The situation of a “fragile state” is assessed in negative terms, on the basis of two main criteria: (1) poor economic performance (the 46 fragile states listed in the paper are all low-income countries, and most of them are among the less developed countries [LDCs]); (2) the effective impotence of government (the DFID paper refers to the World Bank’s Country Policy and Institutional Assessment [CPIA] ranking). Another approach to the same problem is to use the Millennium Development Goals (MDGs) as the point of reference, in order to underscore the fact that “fragile states” are in fact those where the MDGs will not be achieved, or to highlight deficiencies in service delivery to the population. The degree of “fragility” is defined according to a few simple criteria (the rule of law, control over the country’s territory, respect for minorities, delivery of basic services), used exclusively within the national context. Such definitions pay little attention to the country’s external vulnerability or the harmful consequences of certain policies of the developed countries or large private-sector firms. The “fragile states” approach does, however, allow for the inclusion of the notion of preventive action, whereas previously the conceptual debate had been restricted to countries emerging from crisis or in post-conflict situations (Châtaigner and Gaulme 2005:3).

As these authors suggest, coordination, coherence and whole of government approaches will not be possible, until, disparate and often contending analytical approaches are reconciled and this reconciliation is internalized at the level of analysis and policy formation, rather than through some process of horse-trading, whether ad hoc or institutionalized, among departments on the basis of independent analyses.

A second major issue in regards to policy coherence is the high level of fungibility associated with most development financing. The lack of specifically targeted aid resources means that uncooperative recipient governments will be able to arrogate targeted support, regardless of the conditions placed on it. The answer to this problem, according to Collier and Dollar (2002) is to make selectivity a core part of effective aid policy.

Current examples of aid policies incorporating selectivity, in which the donor nations factor the strength of potential recipients’ policy frameworks into their decision-making processes, include Canada’s Strengthening Aid Effectiveness (SAE) effort and the US Millennium Challenge Fund. Such considerations are broadly reflected in the Monterrey consensus on Financing for Development as well. Moreover, in the presence of fragmented aid, where multiple donors each provide only a small fraction of a country’s total aid, donors will tend to focus on achieving the narrowly defined goals of specific aid projects - which are usually aligned with agency specific mandates - over contributing to the holistic development of aid recipients (Knack, 2008; Knack and Rahman, 2007).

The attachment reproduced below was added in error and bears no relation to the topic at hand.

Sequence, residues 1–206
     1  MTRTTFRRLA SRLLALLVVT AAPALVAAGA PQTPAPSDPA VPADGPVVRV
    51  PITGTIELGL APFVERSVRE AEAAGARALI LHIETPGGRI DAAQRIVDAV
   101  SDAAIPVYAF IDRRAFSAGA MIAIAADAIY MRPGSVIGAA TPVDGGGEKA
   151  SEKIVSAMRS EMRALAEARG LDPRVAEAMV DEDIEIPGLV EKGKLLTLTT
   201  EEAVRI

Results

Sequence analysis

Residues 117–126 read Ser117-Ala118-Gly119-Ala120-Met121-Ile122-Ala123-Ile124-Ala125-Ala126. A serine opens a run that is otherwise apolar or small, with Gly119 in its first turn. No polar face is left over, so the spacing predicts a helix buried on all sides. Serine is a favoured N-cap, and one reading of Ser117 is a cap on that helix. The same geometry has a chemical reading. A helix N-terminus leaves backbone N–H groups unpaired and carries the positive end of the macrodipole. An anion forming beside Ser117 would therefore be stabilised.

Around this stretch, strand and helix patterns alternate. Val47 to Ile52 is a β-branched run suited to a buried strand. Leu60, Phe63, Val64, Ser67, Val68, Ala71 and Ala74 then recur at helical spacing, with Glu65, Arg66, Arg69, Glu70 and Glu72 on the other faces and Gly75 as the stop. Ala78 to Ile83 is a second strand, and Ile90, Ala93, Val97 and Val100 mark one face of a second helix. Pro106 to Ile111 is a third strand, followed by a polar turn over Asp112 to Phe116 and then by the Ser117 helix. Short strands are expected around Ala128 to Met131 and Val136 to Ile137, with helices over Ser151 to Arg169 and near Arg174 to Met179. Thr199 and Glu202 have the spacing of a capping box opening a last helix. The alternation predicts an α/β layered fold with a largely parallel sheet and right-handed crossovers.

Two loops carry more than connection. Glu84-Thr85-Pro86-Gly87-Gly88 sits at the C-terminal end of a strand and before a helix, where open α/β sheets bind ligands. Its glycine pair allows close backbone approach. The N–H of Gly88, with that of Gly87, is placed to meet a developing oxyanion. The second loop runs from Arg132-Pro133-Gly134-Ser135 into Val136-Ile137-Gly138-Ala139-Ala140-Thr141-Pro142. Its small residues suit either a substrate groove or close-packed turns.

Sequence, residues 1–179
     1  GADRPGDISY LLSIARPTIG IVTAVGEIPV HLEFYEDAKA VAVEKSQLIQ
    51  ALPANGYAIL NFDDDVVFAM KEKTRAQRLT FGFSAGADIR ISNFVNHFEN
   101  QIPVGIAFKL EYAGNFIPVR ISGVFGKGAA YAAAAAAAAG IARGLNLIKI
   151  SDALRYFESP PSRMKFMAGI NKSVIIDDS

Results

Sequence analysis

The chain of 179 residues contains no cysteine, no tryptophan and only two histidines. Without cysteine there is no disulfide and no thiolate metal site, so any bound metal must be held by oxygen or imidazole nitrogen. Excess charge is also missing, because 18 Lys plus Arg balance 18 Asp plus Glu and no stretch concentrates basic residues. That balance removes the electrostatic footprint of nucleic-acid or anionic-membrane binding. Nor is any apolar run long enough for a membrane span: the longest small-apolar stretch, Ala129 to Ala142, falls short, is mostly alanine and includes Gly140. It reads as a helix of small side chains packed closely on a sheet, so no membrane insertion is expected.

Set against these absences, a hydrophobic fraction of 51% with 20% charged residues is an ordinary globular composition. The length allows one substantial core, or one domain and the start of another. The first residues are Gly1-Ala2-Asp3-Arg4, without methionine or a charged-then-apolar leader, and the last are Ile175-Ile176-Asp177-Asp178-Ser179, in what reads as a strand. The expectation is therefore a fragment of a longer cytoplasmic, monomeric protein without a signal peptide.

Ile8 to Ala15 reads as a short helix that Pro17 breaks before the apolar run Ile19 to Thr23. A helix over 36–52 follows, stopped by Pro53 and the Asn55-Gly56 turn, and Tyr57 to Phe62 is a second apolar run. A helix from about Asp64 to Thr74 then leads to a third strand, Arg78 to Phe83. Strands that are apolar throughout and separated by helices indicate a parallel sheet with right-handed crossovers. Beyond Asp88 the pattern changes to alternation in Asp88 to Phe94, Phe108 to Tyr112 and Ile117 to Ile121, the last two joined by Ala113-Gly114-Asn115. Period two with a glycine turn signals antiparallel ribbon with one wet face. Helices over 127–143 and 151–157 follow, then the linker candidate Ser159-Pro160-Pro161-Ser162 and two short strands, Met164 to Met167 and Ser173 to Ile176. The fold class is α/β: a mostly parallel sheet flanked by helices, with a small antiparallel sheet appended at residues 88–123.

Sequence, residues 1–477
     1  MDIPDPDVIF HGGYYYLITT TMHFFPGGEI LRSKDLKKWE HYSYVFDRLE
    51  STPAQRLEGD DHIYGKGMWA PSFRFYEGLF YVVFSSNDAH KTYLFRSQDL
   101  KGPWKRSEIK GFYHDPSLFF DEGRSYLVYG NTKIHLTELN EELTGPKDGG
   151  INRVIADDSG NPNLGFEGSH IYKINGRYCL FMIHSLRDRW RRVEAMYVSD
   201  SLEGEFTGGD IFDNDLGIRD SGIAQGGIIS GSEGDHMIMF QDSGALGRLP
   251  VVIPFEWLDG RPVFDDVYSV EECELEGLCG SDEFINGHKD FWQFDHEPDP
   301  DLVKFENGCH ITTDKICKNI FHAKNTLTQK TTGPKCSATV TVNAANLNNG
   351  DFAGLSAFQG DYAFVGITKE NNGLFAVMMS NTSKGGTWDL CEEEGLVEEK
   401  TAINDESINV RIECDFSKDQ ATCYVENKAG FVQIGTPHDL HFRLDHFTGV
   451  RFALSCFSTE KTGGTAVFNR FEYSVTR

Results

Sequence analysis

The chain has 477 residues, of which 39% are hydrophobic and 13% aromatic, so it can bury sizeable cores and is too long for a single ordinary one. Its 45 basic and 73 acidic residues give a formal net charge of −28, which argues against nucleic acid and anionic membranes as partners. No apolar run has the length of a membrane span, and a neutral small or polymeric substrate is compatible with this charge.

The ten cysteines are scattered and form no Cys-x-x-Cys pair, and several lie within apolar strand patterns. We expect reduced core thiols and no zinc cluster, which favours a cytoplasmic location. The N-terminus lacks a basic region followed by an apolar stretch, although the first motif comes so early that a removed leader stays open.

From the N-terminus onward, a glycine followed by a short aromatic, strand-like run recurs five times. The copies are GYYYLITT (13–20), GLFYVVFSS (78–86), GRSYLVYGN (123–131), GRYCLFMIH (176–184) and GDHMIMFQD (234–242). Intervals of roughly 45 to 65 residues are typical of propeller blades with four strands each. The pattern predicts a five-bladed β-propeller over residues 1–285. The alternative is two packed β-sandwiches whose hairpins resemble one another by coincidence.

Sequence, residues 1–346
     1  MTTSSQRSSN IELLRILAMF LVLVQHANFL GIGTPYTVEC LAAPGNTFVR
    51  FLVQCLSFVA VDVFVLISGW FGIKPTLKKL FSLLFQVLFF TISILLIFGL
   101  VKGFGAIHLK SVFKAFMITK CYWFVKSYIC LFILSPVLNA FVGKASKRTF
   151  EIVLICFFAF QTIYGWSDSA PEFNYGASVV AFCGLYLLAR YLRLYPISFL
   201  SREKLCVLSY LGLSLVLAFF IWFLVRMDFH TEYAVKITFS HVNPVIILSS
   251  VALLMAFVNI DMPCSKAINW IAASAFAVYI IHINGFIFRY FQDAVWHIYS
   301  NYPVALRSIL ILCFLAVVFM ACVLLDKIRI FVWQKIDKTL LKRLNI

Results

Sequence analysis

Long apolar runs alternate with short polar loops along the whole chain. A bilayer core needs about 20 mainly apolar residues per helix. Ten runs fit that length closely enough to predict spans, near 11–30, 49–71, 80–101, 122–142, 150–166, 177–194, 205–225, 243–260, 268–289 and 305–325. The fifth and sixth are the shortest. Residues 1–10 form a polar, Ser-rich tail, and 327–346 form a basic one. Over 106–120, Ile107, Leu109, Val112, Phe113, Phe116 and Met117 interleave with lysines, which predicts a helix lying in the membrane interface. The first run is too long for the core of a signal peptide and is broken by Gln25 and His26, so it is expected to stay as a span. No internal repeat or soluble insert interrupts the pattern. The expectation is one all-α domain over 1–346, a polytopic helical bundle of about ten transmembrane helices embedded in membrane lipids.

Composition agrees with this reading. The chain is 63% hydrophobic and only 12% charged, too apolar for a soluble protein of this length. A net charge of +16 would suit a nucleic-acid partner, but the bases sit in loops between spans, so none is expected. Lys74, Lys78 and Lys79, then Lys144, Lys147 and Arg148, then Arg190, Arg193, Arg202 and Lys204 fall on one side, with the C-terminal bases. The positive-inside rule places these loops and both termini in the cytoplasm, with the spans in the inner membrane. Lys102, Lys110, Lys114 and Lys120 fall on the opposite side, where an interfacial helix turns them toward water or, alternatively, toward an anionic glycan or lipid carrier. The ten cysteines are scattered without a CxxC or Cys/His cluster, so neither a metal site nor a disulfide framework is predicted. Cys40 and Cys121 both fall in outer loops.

By prioritizing project-based successes, multiple donors, pursing multiple objectives, threaten to sideline recipient country development for achieving small and measurable results that donors can report to domestic constituencies. While Nunnenkamp, Ohler and Thiele (2011) argue that recent trends towards delivering aid through general budget support, where aid is provided directly to recipient governments to support domestic priorities and improve aid policy coherence, has reduced the fragmentation of aid activities, they find that weakening coordination between donor agencies has allowed fragmentation to persist following the Paris Declaration.

In particular, as part of the Paris Declaration, donors agreed to focus aid towards the countries or sectors in which they possessed a relative comparative advantage, acknowledging that greater specialization in aid activities would reduce the transaction costs associated with aid activities. While, Easterly (2007) finds little evidence of increased specialization in donor activities by recipient country, he finds some evidence that donors may be specializing by sector, where donors operate in a few key sectors across a broader sample of recipients.

Although the potential transaction costs associated with donor fragmentation have spurred efforts to improve the coordination and harmonization of aid activities, some have warned that excessive harmonization may also be detrimental to overall aid effectiveness. Indeed, Frot and Santiso (2010) report that some recipient countries suffer from too little fragmentation, where too few donors and associated interventions, particularly within specific sectors, reduces competition between donors and opens the potential for monopoly donors to stray from international ‘best practice’ through tying aid.